“If you really want to be depressed, weigh yourself in grams.”
– Jason Love
One of the tricks I’ve found for keeping up with my own fitness progress is to try to get as much feedback that I can. When you drive a car you can look at the speedometer to see how fast you’re going, look at the lines that divide each lane to stay on course, and look at other gauges and dials to tell the status of your vehicle. Unfortunately, your body’s feedback is vaguer and less precise. You know when you need water because you feel thirsty. You know when you need food because you feel hungry. In theory, you know when you’ve had enough food when you feel full.
The problem is that my mechanism for feeling full is broken. I tend to not feel full until I’ve already eaten too much. If I eat a little and stop, I’ll feel full (or not) after waiting a while. So my meals have been broken up into small grazing periods where I’ll eat a little, log it, wait to see if I’m still hungry, and then eat a little more if so (sometimes). So since I don’t have a working mechanism for knowing what and how much to eat, I needed some help. Technology to the rescue!
Plotting Your Downsizing
One of the most important pieces of information you can easily measure is your weight. Get a scale that is reasonably accurate and weigh yourself every day. Log that weight somewhere, even if it’s just a simple spreadsheet or by using an online service (I like Gyminee, but there are many more out there). Weigh yourself wearing the same thing (if anything) in the same place at the same time every day if possible. The overall accuracy of the scale isn’t as important as how accurate it is compared to itself. You really only care about the change in your weight, so if it’s mostly accurate, that’s probably good enough. Most new scales are very, very accurate. I got this scale and it works great.
You can’t really count on your day-to-day weight as having too much meaning since your water balance will vary by up to several pounds per day, but you can plot the trend over time. As you burn fat you’ll retain more water temporarily, and so you’ll actually gain some weight (since water weighs more than fat) before you lose it. Contrary to popular myth, fat cells never fill with water, and while they do shrink they never go away. You can read more about how fat is burned. I’m finding that my weight loss, when plotted on a chart, looks more like a saw blade than a constant negative slope pointing down.
As you can see in the “Weight Over Time” chart (which shows my actual daily weigh-ins) the overall trend is down (in this case each grey horizontal line represents ten pounds and the x-axis is time), but there may be a few days where my weight increases before starting on a downward trend again. Sometimes it levels-off for a few days.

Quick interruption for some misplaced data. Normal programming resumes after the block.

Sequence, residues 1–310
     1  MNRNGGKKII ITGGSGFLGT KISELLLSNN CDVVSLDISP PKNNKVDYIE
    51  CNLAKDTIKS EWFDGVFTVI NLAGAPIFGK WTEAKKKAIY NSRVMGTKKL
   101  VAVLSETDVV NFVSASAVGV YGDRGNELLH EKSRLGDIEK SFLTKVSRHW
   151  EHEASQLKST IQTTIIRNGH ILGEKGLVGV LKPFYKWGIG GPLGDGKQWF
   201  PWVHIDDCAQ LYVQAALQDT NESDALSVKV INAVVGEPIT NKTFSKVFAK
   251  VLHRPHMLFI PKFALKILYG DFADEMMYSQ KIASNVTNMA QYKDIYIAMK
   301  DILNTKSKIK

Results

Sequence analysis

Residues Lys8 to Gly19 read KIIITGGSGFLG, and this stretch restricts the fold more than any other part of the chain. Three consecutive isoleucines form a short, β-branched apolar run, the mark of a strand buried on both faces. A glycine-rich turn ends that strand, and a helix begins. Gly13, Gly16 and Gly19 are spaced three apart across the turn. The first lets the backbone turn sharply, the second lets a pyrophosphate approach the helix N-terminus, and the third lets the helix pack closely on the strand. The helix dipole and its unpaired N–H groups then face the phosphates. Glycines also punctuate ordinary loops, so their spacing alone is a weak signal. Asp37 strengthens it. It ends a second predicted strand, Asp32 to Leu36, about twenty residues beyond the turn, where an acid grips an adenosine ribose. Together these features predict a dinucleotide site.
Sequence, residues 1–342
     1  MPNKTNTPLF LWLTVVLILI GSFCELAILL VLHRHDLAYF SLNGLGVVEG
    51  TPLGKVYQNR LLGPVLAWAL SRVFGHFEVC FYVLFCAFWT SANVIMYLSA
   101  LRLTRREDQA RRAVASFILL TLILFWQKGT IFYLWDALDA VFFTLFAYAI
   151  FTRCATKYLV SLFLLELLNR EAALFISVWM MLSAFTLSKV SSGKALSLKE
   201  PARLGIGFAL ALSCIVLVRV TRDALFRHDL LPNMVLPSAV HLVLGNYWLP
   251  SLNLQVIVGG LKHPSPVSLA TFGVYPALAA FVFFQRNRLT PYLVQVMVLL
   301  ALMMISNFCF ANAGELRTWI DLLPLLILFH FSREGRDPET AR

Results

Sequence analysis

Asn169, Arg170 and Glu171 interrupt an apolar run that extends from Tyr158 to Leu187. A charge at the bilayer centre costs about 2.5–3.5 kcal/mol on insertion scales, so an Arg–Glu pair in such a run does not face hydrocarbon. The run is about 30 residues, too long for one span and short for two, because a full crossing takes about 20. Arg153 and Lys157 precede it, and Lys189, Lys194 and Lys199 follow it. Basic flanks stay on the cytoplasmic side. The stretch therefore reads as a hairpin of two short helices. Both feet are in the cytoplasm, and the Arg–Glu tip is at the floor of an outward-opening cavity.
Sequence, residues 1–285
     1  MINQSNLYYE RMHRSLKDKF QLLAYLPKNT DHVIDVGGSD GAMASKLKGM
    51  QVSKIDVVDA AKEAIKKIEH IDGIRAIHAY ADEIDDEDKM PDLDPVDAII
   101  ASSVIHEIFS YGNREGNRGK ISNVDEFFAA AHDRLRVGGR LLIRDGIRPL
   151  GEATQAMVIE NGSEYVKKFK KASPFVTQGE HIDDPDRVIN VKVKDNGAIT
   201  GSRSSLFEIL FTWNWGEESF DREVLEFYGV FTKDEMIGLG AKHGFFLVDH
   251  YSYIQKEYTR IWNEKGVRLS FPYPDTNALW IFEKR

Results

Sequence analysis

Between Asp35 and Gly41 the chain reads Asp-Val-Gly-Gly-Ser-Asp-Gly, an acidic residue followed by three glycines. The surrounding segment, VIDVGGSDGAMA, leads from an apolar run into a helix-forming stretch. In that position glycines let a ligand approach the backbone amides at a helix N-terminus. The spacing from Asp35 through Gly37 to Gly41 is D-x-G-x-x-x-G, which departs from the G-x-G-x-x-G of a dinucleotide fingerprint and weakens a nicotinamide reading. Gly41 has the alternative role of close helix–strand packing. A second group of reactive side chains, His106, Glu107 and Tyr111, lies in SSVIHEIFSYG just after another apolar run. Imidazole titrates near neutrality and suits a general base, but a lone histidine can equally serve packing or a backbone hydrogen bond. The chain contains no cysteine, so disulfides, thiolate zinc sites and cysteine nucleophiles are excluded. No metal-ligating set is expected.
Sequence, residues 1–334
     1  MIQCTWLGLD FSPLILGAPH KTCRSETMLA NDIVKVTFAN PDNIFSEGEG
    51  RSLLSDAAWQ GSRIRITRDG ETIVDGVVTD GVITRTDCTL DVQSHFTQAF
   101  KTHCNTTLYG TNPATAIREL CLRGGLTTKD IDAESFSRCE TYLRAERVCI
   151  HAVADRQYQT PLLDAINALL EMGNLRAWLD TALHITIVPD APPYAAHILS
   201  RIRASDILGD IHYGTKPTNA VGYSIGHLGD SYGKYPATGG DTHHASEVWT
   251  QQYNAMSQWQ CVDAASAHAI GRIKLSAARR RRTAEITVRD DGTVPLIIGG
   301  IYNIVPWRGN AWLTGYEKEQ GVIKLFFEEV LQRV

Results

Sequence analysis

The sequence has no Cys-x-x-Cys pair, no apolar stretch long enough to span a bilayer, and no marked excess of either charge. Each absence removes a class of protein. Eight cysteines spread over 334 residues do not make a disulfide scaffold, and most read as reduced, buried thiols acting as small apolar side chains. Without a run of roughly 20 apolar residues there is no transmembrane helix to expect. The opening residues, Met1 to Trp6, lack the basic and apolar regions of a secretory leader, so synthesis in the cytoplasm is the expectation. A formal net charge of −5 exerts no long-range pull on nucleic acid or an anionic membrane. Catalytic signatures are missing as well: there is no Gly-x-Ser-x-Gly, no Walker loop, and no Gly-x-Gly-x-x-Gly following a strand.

Just because you’re logging your weight every day doesn’t mean you have to give that weight too much meaning. It’s okay if it goes up for a few days. Of course, human nature being what it is, it feels better when you see your weight decrease, since that’s your goal, but given the trend I’ve been seeing in my graph I know enough now to recognize the pattern of weight loss. Do I tend to eat more healthily and maybe get a little more exercise in on days when my weight increases? You bet. That’s good positive feedback. You go off course, you can correct. If you only weighed-in once a week you’d have that much longer to go that much further astray before you adjusted your habits.
Since a little weight gain is a good thing (as long as it’s temporary) I don’t really worry too much about my daily weight as much as the trend over time. I calculate my “true weight” by taking an average of my weights for the past two weeks and dividing by fourteen. Even though there’s math involved it’s not all that scientific – it’s just a straight average weight over a two week period, but then I composite that data each week and compare that to a week ago. Yes, that means that every week gets averaged twice – once it’s the “front” week and the other it’s the “back” week – it makes it easier to see the trend.
It’s been working pretty well so far. Weighing-in every day is quick and easy. My scale has a nice big readout and shows me the previous day’s weight so I can compare whenever I weigh in.